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5 is blue, and A is red – short circuit in the brain or just Synesthesia?

wallpapers News 2020-07-08

“Oh, please, gentlemen, a little bluer, if you please! This key requires it!” – Franz Liszt.

Did you know that some people may see colors while thinking about numbers? Others may taste words, see sounds, or feel something on their skin when they hear a particular sound or smell a certain scent. It is a neurological condition called synesthesia, in which information stimuli activate the senses not only responsible for it but also utterly unrelated senses. In this article, we will look at what synesthesia is, its variety, and how affected people perceive the world.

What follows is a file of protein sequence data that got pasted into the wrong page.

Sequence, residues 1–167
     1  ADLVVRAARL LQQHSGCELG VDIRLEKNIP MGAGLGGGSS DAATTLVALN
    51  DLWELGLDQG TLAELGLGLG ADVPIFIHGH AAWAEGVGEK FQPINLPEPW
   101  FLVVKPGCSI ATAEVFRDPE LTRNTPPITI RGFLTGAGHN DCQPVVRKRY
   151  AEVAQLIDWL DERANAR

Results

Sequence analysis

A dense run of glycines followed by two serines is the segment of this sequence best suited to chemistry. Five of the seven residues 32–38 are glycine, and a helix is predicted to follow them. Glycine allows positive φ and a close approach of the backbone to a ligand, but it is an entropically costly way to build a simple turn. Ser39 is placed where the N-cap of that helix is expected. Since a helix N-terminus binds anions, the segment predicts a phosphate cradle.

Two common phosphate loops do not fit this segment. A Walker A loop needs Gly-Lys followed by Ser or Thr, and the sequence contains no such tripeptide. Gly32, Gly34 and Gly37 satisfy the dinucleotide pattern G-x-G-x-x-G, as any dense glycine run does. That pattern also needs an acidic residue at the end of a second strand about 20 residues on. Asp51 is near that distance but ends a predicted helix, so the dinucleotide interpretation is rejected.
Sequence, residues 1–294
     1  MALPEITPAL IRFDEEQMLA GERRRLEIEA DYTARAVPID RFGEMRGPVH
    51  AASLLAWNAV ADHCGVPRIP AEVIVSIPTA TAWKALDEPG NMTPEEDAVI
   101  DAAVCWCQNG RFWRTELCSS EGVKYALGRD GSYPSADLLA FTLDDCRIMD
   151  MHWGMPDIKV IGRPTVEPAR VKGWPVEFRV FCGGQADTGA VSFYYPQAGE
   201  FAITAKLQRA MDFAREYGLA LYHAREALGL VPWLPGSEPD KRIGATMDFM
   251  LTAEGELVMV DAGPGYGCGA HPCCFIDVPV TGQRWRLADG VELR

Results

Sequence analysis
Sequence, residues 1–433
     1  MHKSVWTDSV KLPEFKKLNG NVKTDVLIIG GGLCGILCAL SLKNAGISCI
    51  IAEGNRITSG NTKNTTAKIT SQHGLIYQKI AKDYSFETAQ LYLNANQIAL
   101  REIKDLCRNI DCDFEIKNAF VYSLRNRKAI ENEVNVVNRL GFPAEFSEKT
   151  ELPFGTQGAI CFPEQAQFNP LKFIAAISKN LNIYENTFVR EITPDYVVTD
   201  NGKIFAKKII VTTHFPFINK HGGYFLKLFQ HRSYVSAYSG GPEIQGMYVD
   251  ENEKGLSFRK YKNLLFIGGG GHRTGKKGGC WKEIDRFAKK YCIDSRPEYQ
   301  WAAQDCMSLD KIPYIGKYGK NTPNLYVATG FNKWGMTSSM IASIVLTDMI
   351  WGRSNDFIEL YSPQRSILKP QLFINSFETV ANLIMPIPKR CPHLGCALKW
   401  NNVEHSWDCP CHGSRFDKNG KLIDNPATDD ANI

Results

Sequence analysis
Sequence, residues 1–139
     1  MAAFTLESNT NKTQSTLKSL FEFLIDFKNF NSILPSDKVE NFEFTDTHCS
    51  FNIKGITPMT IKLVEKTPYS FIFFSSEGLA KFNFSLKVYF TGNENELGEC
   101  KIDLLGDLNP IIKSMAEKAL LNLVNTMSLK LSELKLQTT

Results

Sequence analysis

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The word “synesthesia” originates from two Greeks words, “synth” (together) and “esthesia” (perception). Synesthesia is a neurological condition in which stimulation of cognitive pathways or senses causes spontaneous perceptual experience in the other cognitive pathway or senses  [1]. It was formally documented in the Chinese text during the late 1800s. The text indicates that there is a correlation between dates, colors, and flavors. Even Sir Isaac Newton attributed different colors to the music.